Santa Barbara murasaki uni & ikura… This was terrific uni! Maybe the uni season this year is not a total loss, after all.

Mirugai (geoduck clam) & aoyagi (orange clam)… “This is first time I serve mirugai at Hamasaku,” Yoya-san told me. I am honored.

Samekawa karei (sharkskin or roughskin flounder) from Japan & iwashi (sardine)… Both were superb.

Kohada (gizzard shad)…

Whoa! Another large format dish! Short rib braised in aka miso… Getting so very full at this point.

Buri (wild yellowtail)… At the peak of the season.


Asari miso soup with the rest of that very large ise ebi, served with seaweed… The ise ebi strikes back. My goodness - that crustacean still had so, so much meat left on it!

Tamago… Uncle!!!

Dessert time! Tea, please…

Housemade tofu pudding with black sesame “soup”…

Aside from being more full than I’ve been in many, many dinners, I very much enjoyed my time with Yoya-san. His high energy vibe, interesting ingredients, and unusual pacing of the meal was a refreshing change of pace for me. On my next visit, however, I will probably tell Yoya-san to take it easy on the larger format dishes mid-meal.

Mission accomplished: Hamasaku is no longer “just another roll factory” in my book.


11043 Santa Monica Bl.
Los Angeles, CA 90025


How much for the fucking meal sans drunks, tX and tip ???

Thanks man.

Then again with my limited dollars in fucking BK I still wouldnt likely experiment with this joint. And I’d most likely stick with Mori or Shunji.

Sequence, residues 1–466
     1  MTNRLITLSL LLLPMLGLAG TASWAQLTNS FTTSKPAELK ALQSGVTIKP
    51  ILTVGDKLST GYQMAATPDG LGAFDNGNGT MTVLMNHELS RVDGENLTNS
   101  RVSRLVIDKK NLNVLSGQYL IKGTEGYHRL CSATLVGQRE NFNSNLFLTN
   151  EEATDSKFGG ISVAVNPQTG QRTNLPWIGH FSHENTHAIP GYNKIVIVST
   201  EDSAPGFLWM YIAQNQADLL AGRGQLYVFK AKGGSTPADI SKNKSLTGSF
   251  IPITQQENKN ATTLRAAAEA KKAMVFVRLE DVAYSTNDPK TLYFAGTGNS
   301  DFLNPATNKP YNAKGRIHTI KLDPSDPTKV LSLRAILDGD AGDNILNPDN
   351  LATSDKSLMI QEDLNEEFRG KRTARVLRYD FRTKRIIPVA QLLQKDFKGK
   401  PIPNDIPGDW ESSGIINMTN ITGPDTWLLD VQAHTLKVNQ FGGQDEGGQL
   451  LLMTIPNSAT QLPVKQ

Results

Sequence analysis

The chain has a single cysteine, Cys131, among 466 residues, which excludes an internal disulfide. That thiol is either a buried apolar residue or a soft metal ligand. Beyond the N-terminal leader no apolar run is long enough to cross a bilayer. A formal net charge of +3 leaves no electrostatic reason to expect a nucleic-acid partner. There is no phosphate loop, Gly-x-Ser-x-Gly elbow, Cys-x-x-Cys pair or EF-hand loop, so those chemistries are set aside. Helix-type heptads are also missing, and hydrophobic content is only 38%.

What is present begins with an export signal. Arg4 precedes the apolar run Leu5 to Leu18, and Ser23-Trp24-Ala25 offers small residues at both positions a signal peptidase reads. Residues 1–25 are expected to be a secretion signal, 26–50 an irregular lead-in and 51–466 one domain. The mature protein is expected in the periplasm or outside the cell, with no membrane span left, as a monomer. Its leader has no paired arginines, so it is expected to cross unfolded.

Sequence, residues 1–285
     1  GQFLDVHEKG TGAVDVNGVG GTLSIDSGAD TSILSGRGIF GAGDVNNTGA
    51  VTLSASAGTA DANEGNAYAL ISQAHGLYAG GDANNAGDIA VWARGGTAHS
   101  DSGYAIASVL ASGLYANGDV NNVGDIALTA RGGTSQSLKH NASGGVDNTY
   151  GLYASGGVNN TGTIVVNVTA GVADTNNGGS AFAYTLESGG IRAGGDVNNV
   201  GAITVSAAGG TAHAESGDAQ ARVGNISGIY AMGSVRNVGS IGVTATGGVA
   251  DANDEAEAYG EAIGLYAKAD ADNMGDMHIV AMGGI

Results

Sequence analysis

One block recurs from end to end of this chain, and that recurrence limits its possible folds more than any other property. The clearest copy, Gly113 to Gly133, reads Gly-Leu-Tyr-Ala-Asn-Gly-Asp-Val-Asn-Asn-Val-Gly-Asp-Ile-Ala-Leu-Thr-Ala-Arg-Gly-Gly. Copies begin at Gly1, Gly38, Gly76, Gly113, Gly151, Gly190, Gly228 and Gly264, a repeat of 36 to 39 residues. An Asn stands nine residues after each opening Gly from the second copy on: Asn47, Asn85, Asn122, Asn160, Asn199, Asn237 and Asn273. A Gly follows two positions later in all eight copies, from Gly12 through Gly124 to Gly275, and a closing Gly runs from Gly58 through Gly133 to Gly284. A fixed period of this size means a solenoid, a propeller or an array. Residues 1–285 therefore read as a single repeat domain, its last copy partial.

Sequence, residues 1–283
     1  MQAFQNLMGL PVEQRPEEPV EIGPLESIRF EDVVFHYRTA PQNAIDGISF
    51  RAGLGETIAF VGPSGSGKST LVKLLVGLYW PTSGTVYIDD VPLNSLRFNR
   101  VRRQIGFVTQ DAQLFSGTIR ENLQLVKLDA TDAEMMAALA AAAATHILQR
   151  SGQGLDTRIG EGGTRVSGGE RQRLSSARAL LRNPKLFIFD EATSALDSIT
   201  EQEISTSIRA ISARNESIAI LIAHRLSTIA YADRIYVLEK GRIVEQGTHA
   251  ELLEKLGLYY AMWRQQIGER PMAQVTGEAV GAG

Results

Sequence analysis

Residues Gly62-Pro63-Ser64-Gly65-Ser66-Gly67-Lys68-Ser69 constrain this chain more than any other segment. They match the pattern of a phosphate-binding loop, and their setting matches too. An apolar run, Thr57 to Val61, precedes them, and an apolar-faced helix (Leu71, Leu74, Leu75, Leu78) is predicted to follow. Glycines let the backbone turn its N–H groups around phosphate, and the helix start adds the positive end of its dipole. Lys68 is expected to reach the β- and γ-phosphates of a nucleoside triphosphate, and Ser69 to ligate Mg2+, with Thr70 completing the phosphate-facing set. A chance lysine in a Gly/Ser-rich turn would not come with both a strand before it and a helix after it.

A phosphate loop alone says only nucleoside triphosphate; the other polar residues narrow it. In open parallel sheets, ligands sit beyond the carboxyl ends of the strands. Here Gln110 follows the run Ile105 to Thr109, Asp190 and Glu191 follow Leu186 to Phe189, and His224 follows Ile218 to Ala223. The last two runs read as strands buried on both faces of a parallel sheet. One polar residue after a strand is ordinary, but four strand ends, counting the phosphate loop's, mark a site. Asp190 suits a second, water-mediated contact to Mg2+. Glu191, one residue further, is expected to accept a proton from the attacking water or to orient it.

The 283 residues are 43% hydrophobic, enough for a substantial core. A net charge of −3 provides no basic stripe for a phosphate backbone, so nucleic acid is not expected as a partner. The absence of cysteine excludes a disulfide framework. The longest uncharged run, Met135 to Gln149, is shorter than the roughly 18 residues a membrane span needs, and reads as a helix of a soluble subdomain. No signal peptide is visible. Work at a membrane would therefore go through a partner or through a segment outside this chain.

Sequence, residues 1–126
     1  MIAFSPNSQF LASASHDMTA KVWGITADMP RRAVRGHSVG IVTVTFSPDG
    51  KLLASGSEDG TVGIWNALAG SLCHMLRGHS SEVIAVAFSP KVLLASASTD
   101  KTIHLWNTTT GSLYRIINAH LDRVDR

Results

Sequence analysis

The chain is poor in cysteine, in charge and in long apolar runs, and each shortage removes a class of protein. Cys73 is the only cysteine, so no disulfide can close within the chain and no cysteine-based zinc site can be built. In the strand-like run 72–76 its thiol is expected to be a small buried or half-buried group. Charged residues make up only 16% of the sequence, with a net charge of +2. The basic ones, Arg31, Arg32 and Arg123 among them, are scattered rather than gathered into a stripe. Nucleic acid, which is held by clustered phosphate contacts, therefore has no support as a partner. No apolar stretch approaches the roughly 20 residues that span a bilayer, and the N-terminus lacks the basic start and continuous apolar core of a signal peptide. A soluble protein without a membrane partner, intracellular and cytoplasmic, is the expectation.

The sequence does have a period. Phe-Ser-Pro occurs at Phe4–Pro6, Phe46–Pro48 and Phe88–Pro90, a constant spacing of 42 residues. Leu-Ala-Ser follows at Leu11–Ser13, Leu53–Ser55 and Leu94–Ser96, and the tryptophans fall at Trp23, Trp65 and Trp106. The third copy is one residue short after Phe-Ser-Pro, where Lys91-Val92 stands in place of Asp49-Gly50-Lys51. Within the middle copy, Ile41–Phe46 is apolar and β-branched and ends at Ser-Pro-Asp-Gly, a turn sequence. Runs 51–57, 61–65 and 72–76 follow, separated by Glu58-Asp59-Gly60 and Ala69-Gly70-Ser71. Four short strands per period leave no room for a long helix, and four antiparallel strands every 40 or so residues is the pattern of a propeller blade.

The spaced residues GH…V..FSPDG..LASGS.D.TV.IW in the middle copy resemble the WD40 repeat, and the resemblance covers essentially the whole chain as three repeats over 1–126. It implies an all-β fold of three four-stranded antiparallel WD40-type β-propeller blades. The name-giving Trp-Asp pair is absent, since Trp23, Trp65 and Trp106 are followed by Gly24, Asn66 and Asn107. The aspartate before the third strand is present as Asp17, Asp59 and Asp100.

Glad someone’s finally talking about Yoya at Hamasaku.

Of note, he’s been there over 2 years now.

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Noted - Thanks for the correction, TonyC.

Brilliant report and photos, thanks! I’ve seen a documentary on Hamasaku and Yoya from the youtube Munchies episode (he serves shirako and shark heart). There may be other similar clips.

Total badass looking guy in the vid. Sounds like a super fun place to eat.

Dang, looks very nice! What was the tab?

Btw, had Kue @ mori a couple of months ago.

He can also be seen here, eating Trader Joe’s sushi:

Yoya-san is getting some press! (Although these clips look like they were all filmed/released before my recent visit :stuck_out_tongue: )

the order of the courses doesn’t make sense to me. I’m sure it all worked and tasted good but conceptually, i don’t get it.

It’s definitely not traditional in that sense. Curveballs left and right…

Price? And is their standard omakase? Possible to do sashimi/nigiri-only?

Hi JL,

Awesome review. :slight_smile: Thanks for the heads up. Some of the dishes sound great.

I remember seeing Yoya-san from the above quoted press. I always thought, “it’d be fun to dine at his sushi bar” LOL. :smile:

I agree with @tailbacku though. The order of dishes and especially the large format stuff sounds and feels off. Like he’s trying to please you / show off crazy menu items, but my stomach turned a little reading about them and imagining that procession (especially the braised short rib large plate in the middle of your sushi procession) LOL.

I’ll have to give it a try, but maybe nigiri only.

I didn’t mind the progression of the meal so much as the large portions on some of the mid-meal larger format dishes.

Price-wise, I think their standard omakase is $85. Fair disclosure: At time of reservation, I asked for their (not on the menu) premium omakase, which turned out to be $160 before drinks.

Yoya-san is a hoot. For that alone I’d go back.

What’s a hoot ???

I’ve never really heard of that word before.